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Specifically I'm looking for a way to tell if the system has a network interface that is configured with a global scoped IPv6 address. Loopback and link scoped addresses "don't count".

What I want to achieve is to match whether getaddrinfo() will return any IPv6 addresses with the AI_ADDRCONFIG hint flag.

I could do this by writing some code which looks up the IPv6 loopback address ("::1") using getaddrinfo(). But this is part of the tests for a fairly involved build procedure and it would be much simpler not to have to build an executable just to test this rather simple thing.

The best I've found so far only works for Linux and uses the ip command that comes with recent distros.

if ip -f inet6 -o addr | cut -f 9 -s -d' ' | grep global > /dev/null ; then
    echo "IPv6 addresses configured continuing"
else
    echo "No global IPv6 addresses configured - skipping test"
    exit 0
fi

However this relies on the current format of the output from ip which I doubt is guaranteed and doesn't exist on other versions of Unix (e.g. FreeBSD).

I don't think that ifconfig provides a similar enough output across different Unix versions to be of use.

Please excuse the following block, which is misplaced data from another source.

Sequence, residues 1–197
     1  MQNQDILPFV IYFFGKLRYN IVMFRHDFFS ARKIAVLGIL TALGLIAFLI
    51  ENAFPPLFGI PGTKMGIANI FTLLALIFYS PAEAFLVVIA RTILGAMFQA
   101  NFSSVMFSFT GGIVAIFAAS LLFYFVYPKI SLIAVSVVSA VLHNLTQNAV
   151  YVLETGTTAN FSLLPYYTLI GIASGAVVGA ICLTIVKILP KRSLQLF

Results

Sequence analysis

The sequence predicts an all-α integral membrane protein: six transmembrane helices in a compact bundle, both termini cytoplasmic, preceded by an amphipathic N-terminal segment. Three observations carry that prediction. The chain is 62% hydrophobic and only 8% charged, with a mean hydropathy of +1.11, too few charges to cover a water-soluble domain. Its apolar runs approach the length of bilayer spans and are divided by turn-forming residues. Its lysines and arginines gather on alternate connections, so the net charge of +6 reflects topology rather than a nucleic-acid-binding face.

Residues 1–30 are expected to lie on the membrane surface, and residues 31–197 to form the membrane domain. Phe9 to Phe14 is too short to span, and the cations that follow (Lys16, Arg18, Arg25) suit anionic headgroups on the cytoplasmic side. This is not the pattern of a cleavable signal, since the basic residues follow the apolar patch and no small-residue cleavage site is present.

Are there any other tools I'm missing?

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1  
I don't think you can find a tool which is installed everywhere and has a consistent output format. Perhaps you could make a simple Perl or Python script, though. –  tripleee Jul 6 '12 at 12:27
    
You'll definitely have to script this, ifconfig gives reasonably similar results across unix platforms, eg, all ipv6 addresses are started with inet6 <ipv6-addr>. A bit of Perl should do the job here, of course any ipv6 address that begins with fe80 or fec0 then we just ignore it as it's a link-local/site-local address. –  Keith Halligan Jul 6 '12 at 15:28

1 Answer 1

For now, pretty good way to see if you have at least some v6 connectivity is to check for result of

ping6 -c 10 ipv6.google.com

However it is a kludge. But in a way, it should work on most unices, and possibly more.

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Unfortunately this doesn't really help. Although I'm looking for a globally scoped IPv6 address this doesn't mean the machine is actually connected to the internet itself. It could be on a self contained test network with global addresses but no connectivity to the outside world. –  StitchedUp Jul 17 '12 at 20:19

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